The first £1 billion asset-based financed deal is just a matter of time, writes M&A’s Andrew MacLeod
Receivables finance has come of age in
For a number of years transactions of that size have been a reality in the
And even on this side of the pond, M&A funded through receivables, plant and other assets has been growing in size for most of this decade – pushing past the £350 million mark. This has done much to concentrate the attention of the larger players in the asset-based finance sector, 16 of whose leading members recently let it be known that each would be willing to shoulder a share of a £1 billion ‘milestone’ deal, should one happen along.
“It’s eagerly awaited,” says Kate Sharp, chief executive of the Asset Based Finance Association (ABFA), the trade group that speaks for the sector.
Of course any sum that involves nine noughts will inevitably capture the headlines, but Sharp points out that receivables finance in all its forms – from invoice discounting and factoring through to asset-based lending – can be tailored to suit so-called ‘mom and pop’ outfits seeking cash to grow, right up to corporate giants hitting the takeover trail.
“It’s flexible and almost instant,” she says. “The amount of cash available grows with the business, increasing as things go well, and reducing if things don’t go to plan.
“The more invoices you submit, the more finance is provided – and it can be available literally within a couple of hours. It’s not like a fixed loan on agreed terms, which can leave a firm seriously over-financed if there is a downturn.”
Receivables work as a ‘tracker’ loan, which follows the firm’s real-time fortunes rather than some notional projection of future business, and this is what makes it an invaluable management tool, says Sharp.
“Because of the way it works it has checks and balances built in,” she says. “People get the impression that it’s far more complicated than it is, and for small firms in particular it’s a really good way of releasing cash. Receivables Finance could get them twice as much as they could obtain from a loan or an overdraft.”
ABL takes off
ABF’s value in deal-making was illustrated in May last year when RBS Invoice Finance and Royal Bank of Scotland put together an integrated debt package to finance the MBO of All Metal Services (AMS), one of the UK’s leading distributors of aircraft grade aluminium.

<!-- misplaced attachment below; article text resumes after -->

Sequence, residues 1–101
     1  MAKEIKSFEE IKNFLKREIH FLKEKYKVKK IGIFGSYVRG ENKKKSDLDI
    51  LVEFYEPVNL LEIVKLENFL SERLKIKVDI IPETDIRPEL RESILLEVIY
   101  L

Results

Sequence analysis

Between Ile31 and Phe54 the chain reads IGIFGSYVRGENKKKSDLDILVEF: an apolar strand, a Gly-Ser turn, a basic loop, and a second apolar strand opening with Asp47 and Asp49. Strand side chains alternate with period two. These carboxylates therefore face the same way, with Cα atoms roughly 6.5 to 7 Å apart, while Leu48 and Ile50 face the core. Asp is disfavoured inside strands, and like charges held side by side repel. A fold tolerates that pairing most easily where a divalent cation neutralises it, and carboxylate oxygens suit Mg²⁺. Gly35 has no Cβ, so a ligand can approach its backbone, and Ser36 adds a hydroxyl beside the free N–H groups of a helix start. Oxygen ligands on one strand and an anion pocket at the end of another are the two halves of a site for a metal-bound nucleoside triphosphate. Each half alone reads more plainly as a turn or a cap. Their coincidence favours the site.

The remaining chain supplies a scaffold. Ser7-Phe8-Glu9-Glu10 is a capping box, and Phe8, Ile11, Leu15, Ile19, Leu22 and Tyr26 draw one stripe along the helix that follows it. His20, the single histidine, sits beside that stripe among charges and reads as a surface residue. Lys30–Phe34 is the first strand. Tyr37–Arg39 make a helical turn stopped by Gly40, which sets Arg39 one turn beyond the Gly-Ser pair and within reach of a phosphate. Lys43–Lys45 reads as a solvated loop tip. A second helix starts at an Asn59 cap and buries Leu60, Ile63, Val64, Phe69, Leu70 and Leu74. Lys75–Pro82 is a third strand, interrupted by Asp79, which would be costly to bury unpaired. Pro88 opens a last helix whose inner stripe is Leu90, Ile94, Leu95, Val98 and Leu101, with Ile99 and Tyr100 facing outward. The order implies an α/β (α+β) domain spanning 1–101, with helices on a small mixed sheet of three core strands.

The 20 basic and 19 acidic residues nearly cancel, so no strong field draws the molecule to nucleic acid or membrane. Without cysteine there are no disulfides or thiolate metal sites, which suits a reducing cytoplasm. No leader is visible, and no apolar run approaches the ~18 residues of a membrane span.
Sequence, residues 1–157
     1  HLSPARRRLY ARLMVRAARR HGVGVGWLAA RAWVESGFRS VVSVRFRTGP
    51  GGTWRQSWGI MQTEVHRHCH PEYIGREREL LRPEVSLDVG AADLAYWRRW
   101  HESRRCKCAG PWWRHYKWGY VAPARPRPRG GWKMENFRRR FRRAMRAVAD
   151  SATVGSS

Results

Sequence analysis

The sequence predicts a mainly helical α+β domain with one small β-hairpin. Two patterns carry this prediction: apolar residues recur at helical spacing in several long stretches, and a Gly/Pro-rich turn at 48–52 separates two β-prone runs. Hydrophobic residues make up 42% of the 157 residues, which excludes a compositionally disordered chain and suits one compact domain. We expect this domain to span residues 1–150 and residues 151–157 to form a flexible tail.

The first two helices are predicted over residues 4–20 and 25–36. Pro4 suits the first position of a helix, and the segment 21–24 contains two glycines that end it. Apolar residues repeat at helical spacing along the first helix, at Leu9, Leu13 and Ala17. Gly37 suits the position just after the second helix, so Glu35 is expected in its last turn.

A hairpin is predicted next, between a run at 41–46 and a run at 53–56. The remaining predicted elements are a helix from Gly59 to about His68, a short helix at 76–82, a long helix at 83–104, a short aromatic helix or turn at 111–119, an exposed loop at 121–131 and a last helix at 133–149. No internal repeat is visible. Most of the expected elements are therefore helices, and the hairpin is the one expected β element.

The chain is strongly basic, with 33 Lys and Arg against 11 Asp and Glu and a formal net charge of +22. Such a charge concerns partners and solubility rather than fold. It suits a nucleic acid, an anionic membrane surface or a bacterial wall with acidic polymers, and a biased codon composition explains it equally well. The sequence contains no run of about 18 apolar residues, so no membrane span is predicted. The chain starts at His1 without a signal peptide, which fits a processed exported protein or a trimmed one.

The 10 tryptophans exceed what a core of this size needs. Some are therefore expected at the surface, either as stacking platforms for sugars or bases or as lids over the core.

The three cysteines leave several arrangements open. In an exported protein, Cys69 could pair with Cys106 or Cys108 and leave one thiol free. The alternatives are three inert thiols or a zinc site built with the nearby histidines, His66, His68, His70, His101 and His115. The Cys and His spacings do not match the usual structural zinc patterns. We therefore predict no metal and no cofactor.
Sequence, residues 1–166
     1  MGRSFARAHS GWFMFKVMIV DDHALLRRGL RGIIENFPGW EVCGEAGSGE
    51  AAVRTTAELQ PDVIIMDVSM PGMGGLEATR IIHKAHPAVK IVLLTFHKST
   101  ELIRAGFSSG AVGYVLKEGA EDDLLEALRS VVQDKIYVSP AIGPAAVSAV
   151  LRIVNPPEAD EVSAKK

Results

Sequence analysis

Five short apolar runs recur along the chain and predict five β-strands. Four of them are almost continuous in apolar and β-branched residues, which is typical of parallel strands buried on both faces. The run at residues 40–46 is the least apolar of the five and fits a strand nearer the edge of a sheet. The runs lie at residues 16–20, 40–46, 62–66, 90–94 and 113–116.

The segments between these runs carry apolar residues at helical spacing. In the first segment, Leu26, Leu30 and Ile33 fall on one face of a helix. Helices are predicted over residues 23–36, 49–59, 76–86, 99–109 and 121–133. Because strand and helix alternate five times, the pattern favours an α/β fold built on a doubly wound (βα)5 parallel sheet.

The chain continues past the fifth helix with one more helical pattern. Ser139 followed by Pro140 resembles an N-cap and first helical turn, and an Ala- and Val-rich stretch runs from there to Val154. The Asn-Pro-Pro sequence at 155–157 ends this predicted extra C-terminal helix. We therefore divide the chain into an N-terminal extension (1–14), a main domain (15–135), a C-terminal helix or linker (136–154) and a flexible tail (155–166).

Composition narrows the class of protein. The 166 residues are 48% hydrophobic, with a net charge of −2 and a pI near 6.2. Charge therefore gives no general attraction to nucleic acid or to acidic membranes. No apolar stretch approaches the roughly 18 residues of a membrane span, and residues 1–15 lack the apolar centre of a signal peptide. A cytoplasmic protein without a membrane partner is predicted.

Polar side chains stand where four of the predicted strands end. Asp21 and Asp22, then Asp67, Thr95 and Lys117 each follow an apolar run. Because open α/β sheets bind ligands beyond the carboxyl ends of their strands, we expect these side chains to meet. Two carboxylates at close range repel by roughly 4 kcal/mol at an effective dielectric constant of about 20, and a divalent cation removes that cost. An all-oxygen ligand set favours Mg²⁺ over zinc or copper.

The funding arrangements included an asset-based lending element along with senior term facilities, and the outcome delighted AMS, which praised the innovative and competitive nature of the package that also had the flexibility to meet the firm’s future needs.
As well as being managing director of Lloyds TSB Commercial Finance, Ted Ettershank is chairman of the ABFA, which gives him a thorough insight into the sector in the
He has seen it grow from a business, which was limited to providing finance against invoices to the position where it can – and does – fund multi-million pound cross-border deals. Today’s players have links to the rest of
“Things have moved on considerably,” says Ettershank, observing that the modern approach is to take a broader approach, embracing inventory, equity and other fixed plant and machinery, property and other assets along with unsettled debts.
“That gives people engaged in an MBO, and looking to see how much equity they need, valuable headroom. If they have an asset-based lending facility of £10 million, for example, and their working capital requirement is only £6 million, it gives them breathing space and flexibility.
“That extra money can be drawn down immediately if the business requires it.”
Ettershank adds: “What asset-based lenders bring to the market is a good understanding of the cash-flow dynamics of a business going forward as well as the ability to manage the assets, which act as their security.”